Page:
Tue | Aug 22, 2017

Everald Dewar | Taxation and directorships

Published:Friday | May 19, 2017 | 5:00 AM
Everald Dewar
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For taxation, most directors are office holders. An office holder and an employee are one and the same thing. Notwithstanding, the office and duties of a director are distinct from those imposed upon a person under a contract of service, that is, employment.

Therefore, a director does not have to be an employee, but very often is, and may wear both hats simultaneously.

In most privately held companies, directors are deemed employees. Whether the director has or does not have a service contract, he is an executive officer – distinguishable from other office holders such as auditors, liquidators, lawyers and nonexecutives administrators who are not part of ‘management’.

Directors invariably, as normal employee, receive emoluments, which include clothing, accommodation and other benefits. Benefits include health insurance, lunch, perquisites, vacation and sick leave with pay, etc.

In most cases, a director will be on the payroll, but can earn fees and bonuses determined at the company’s financial year end. These may not necessarily pass through the normal payroll.

Directors tend to file tax returns treating these fees as earned from self-employment. However, no matter what the label placed on it, all payments made to a director in his capacity as an officer of the company are, in effect, emoluments. And even if the company – or the director – refuses to appreciate that it is so, emoluments should be taxed in the usual way.

Fees as income

Treating fees as coming from self-employment effectively gives the company dispensation from paying the employer ’s portion of statutory contributions such as HEART Trust/NTA, NHT and Education Tax.

Where this is not regularised, it chances the wrath of a tax audit. Chastisement could be inflicted in the form of outstanding tax liabilities, penalties and interest.

However, as stated earlier, a director is not necessarily an employee. They can be seen as practising professionals or consultants whose services are provided by the individual, their own company or firm, which will receive the relevant director’s fee to the exclusion of the office holder himself.

A director in this situation will not be an employee of the first company, but will be an employee of or a self-employed principal in the professional practice, similar to that of a non-executive director.

Tax Administration Jamaica (TAJ) defines a non-executive director as “the member of the board of directors of a company who does not form part of the executive management team”.

TAJ explains in its technical notes that these directors are to be differentiated from ‘inside directors'. The distinction is that they "are members of the board who also serve or previously served as executive managers of the company (most often as corporate officers)".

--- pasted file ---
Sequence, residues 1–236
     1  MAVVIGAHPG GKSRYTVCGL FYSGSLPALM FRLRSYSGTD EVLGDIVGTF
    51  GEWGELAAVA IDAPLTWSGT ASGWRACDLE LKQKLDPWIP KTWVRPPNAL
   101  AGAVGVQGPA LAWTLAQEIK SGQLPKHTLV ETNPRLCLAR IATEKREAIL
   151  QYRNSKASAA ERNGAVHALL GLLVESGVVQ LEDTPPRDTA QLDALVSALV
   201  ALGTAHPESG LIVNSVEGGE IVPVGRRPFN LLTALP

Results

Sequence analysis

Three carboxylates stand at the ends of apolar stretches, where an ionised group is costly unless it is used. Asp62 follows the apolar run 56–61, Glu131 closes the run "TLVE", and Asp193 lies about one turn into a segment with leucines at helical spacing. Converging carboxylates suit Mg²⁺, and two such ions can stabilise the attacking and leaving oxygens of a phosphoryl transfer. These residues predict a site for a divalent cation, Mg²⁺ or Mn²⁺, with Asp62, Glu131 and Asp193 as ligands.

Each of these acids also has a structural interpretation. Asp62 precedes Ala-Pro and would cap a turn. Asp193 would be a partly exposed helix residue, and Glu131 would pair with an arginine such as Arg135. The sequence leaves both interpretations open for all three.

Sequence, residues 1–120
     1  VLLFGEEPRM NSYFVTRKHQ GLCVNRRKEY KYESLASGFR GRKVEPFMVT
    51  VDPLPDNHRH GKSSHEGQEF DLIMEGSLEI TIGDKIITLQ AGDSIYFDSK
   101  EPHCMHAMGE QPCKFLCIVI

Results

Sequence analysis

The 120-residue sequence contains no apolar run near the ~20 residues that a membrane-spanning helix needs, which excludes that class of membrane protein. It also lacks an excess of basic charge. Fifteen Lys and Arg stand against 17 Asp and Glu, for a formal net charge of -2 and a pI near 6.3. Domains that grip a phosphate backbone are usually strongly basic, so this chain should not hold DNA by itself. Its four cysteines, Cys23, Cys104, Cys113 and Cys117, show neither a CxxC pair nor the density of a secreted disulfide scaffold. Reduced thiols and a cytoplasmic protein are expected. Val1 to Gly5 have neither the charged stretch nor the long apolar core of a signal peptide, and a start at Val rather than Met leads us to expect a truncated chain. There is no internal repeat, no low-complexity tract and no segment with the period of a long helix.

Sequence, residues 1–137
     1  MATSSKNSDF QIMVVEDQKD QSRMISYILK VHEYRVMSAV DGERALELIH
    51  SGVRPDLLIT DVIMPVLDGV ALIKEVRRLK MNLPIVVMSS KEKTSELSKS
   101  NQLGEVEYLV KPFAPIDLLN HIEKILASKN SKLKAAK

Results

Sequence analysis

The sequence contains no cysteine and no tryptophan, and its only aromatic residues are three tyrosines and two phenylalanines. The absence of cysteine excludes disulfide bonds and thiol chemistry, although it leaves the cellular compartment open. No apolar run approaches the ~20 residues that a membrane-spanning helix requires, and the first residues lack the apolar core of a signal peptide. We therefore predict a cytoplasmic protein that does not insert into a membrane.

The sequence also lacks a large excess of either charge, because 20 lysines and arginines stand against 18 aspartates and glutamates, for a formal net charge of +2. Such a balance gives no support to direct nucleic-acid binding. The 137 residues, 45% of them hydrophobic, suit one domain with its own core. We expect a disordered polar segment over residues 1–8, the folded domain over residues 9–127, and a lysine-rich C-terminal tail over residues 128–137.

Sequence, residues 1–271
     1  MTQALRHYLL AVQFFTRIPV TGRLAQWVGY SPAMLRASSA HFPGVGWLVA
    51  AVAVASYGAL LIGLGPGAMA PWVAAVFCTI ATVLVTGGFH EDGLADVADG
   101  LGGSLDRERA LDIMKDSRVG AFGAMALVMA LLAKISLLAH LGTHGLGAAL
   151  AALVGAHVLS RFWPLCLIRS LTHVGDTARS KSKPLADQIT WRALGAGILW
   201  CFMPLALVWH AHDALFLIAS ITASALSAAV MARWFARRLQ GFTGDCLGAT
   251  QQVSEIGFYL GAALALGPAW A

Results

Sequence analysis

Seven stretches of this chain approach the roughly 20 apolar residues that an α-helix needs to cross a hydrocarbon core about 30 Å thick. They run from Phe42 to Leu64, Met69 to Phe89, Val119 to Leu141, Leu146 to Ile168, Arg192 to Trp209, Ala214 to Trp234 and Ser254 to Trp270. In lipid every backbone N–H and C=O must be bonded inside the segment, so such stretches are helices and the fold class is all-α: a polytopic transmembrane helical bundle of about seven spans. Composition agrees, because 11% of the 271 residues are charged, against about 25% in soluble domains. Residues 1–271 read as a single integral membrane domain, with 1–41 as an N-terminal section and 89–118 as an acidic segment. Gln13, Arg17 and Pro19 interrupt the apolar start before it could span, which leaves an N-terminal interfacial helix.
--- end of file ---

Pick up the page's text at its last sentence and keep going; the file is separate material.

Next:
We have already established that an executive director is the same as employee for all sense and purposes and, in strict obedience to the Income Tax Employment Regulations, receives emoluments as with any normal employee. A non-executive director, in this case, is seen as other self-employed office holders.

How will this affect the need for directors to be indemnified under an insurance policy taken out by the company to indemnify a director in the performance of the duties of his office?

That type of insurance is usually taken out to indemnify a director or other officers for damages that could arise from personal legal liability incurred by them in their capacity as director. The insurance can be arranged on a 'board' basis for all the directors in a given company or group. Will the non-executive director enjoy an indemnity from the company, whether he wants it or not, and what is the position of obtaining a corporate deduction for tax?

There is another component to this exposition in that all individuals, including executive and non-executive directors, pensioners and golden agers, who are in receipt of other income such as rent, will be treated as self-employed persons. Therefore, as they are also receiving emoluments from employment, they are both employed as well as self-employed.

These individuals will therefore have to pay additional statutory contributions as self-employed persons.

It should be noted that Tax Administration Jamaica designed the new tax returns for self-employed person, Form SO4, taking care to classify fees paid to non-executive directors as 'income from investment and other sources'. This is purposely designed to ensure that retired, golden agers who are earning director's fee will not have to pay statutory contributions on these fees.

- Everald Dewar is senior taxation manager at BDO Chartered Accountants in Kingston.

evadew@ yahoo.com